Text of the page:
Ethiopia wears on the soul like no place I have ever visited before. Addis however did prove a short reprieve. We treated ourselves to a hotel that had hot water and working wifi (most of the time), drank delicious coffees in a hipster café, ate (vege) burgers and the best samosas I’ve ever encountered.

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Hipster coffee happiness

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View of Addis from our hotel

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Gelato happiness

Dimitri also arrived back in town, after a short break in Europe, bringing with him treats from France, as well as treats Craig had ordered for everyone to share (thanks guys!).

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Craig, the bearer of many gifts

My favourite memory of Addis is of drinking cheap wine and helping Ewaut cook up a massive couscous dish for all of us (Craig, Clo, Arthur, Dimitri, Astrid and I) in the slightly festy kitchen of their hotel. We ate it on the roof, along with cheeses and French wine,(thanks Dimitri and Craig) laughing and trying to make sense of Ethiopia, and discussing onward plans. Later we caught a bus to see some jazz, accidentally crashed a brothel and stumbled home around 6am. It was the blow out I think we all needed.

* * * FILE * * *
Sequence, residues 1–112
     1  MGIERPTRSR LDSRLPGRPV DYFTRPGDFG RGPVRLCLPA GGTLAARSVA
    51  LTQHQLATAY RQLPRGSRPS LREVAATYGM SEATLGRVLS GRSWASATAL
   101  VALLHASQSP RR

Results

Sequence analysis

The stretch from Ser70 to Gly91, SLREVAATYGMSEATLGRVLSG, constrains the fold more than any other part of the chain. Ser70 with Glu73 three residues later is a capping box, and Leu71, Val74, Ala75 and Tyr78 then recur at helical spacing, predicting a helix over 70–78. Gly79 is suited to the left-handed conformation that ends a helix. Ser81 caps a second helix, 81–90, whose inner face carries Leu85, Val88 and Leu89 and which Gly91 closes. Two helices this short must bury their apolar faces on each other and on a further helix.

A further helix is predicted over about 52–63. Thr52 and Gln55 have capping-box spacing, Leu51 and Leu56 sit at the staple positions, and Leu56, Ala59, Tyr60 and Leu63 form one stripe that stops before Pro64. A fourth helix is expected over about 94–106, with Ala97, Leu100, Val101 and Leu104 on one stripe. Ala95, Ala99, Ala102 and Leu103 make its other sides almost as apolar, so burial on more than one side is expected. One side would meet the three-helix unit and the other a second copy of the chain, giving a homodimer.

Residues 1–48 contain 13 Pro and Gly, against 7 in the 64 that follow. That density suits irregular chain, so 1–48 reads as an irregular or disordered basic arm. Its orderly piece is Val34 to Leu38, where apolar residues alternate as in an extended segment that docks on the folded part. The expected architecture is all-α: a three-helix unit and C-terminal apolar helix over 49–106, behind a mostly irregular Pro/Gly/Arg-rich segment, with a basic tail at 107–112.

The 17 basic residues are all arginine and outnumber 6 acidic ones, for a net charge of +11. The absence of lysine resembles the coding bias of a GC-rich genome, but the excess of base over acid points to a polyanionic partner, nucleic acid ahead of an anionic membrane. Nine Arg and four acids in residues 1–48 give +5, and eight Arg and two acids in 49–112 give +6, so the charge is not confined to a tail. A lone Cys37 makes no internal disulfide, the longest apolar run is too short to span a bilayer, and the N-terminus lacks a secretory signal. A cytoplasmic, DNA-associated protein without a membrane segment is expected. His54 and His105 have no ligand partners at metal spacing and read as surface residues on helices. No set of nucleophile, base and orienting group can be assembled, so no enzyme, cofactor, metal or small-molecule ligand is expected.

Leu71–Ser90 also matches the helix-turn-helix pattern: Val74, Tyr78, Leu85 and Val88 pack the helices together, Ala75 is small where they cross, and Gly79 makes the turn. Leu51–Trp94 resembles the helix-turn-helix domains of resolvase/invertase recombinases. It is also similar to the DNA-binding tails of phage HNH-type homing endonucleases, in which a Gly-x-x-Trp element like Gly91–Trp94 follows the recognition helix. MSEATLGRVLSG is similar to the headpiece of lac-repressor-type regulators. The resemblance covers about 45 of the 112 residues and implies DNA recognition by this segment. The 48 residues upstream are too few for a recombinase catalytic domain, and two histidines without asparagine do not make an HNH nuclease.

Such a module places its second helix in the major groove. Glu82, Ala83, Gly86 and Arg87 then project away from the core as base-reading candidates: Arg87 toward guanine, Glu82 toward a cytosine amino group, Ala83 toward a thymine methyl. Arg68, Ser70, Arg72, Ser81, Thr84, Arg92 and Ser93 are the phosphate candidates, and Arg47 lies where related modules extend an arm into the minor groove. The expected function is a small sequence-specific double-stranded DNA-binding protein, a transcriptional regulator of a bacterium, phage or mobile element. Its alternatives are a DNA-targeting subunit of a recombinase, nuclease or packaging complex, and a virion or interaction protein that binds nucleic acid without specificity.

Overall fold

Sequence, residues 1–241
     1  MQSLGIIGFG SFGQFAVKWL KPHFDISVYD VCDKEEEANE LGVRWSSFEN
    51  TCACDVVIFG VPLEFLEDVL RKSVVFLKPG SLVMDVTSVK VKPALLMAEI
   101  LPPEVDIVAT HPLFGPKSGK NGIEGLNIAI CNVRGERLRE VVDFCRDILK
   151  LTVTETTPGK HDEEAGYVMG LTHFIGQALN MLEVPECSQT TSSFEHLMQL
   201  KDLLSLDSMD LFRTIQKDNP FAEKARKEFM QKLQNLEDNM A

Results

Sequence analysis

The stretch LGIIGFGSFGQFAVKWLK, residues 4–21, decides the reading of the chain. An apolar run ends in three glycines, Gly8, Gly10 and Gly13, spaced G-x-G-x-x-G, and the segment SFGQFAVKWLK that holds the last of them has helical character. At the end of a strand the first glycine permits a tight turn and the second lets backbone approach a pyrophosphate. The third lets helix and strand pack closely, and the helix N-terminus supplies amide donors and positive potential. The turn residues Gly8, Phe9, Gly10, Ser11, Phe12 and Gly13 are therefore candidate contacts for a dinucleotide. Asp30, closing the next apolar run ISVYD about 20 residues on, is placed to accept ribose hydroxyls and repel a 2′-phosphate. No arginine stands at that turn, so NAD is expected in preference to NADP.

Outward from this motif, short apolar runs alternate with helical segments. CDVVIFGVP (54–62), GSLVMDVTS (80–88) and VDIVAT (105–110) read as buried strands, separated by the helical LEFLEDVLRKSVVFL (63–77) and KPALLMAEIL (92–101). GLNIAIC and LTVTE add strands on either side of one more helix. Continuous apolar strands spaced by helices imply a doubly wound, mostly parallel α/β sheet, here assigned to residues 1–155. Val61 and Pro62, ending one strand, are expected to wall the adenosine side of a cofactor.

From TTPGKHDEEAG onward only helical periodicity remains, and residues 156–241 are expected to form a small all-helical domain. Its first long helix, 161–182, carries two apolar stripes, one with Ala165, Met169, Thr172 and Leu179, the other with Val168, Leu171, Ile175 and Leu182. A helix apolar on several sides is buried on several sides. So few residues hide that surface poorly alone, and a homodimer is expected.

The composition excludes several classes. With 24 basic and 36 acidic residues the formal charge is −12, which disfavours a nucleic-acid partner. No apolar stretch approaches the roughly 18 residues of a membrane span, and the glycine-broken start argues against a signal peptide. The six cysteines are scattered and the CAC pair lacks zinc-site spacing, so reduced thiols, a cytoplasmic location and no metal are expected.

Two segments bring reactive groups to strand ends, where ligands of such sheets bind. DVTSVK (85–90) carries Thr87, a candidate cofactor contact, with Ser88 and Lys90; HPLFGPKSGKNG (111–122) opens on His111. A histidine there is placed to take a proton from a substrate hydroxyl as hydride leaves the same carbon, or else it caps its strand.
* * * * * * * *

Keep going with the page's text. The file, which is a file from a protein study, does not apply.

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Cooking happiness

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The couscous mater chef

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Getting into the couscous

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Ewaut’s amazing couscous

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Wine on the balcony with Clo, Dimitri and Craig

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At a jazz place. We look like we are a advert for a weird sitcom

Soon it was time to leave, which meant a heartfelt goodbye to Ewaut who was heading back to Belgium to begin work on his sailing boat. I have no doubt he will manage this and our paths will one day cross again (he’s promised to come pick us up in his boat!). I will miss Ewuat a lot; his facts, humour and podcast/tech genius, and just the fact that he is an all round awesome human. Thanks for a brilliant three months man.

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Outside of favourite cafe before leaving Addis

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Ethiopian church, Addis Ababa